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Education in Chile

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Chile’s education system can foster stronger economic, democratic and social development in the country. There are significant macroeconomic benefits to education, such as increased productivity. That said, individuals tend to benefit the most from high-quality, equitable education systems.

In 2004, the OECD performed a review of national education policies and an analysis of the Chilean education system. This review aims to identify key changes in the Chilean education system mainly from 2004-16, in order to analyse where education in Chile stands today and offer recommendations to help provide better education opportunities for all Chileans in the coming years. The review therefore examines different areas of education policy in Chile, from early childhood education and care (ECEC) to higher education.

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Some final reflections on education policy implementation in the current Chilean context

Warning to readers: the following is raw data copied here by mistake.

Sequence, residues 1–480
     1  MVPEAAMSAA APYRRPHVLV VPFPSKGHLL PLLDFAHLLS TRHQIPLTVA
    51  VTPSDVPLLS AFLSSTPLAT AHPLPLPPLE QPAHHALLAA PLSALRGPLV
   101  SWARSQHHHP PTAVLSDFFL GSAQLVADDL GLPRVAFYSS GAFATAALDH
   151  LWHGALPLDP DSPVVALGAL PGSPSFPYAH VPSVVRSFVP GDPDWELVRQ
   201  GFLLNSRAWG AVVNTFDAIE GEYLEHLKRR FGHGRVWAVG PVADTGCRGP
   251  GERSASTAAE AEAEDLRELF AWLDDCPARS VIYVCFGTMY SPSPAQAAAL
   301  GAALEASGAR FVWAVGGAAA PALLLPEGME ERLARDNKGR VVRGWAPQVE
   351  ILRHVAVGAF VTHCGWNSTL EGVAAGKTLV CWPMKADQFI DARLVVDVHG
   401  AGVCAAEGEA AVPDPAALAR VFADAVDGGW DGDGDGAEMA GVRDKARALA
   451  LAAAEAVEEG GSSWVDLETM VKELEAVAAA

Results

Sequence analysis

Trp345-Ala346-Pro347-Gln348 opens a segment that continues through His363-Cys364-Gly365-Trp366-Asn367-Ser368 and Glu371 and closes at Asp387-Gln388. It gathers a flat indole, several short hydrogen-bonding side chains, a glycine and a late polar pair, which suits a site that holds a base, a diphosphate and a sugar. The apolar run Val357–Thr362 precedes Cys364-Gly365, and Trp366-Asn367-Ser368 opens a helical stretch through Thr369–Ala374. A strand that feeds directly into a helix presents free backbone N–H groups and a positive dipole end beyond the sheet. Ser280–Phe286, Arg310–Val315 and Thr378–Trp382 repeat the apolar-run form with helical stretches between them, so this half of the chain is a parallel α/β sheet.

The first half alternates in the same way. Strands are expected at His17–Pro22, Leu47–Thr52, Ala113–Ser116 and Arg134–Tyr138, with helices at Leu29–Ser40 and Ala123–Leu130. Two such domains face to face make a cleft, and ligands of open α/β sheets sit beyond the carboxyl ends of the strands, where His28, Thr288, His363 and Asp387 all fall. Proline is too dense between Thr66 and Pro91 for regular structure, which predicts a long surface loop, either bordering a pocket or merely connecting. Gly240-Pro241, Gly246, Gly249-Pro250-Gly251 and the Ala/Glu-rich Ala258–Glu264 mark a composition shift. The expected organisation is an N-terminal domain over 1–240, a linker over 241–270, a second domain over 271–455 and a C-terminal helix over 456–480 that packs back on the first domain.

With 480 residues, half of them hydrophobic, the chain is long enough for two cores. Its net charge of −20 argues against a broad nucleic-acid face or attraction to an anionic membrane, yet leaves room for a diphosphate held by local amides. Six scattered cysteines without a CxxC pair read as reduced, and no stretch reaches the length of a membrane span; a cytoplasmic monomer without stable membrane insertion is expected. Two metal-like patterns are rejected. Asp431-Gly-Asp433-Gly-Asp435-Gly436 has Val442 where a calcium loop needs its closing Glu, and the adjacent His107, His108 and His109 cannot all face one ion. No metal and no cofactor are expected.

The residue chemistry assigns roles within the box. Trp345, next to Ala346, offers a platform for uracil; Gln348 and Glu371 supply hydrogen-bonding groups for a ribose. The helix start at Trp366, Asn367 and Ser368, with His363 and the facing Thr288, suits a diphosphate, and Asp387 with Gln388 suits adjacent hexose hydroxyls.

Chile is an economic success story in the making. As previously expressed, Chile’s education system can open the door to stronger economic, democratic and social development within the country. Education has been an important topic on Chile’s public agenda since 2006, and the ongoing education reforms carried out by the Chilean government show an enduring commitment to education. However, the country’s capacity to unite these reforms into a coherent vision will be key to the reforms’ success and sustainability from the implementation period onward. This chapter builds on international evidence and the findings in this report to offer some final reflections, and highlight some key principles that the Chilean government should keep in mind as it implements and adapts education policies. These final reflections build upon elements that are transversal across education levels in Chile. They refer mainly to: 1) ensuring that the Chilean government constantly puts student learning at the centre of education policies; 2) supporting key actors across the system in order to deliver education policies; and 3) aligning policies for coherence, while also adapting them as needed to ensure that structures, resources and processes effectively continue to converge towards a national vision of education.

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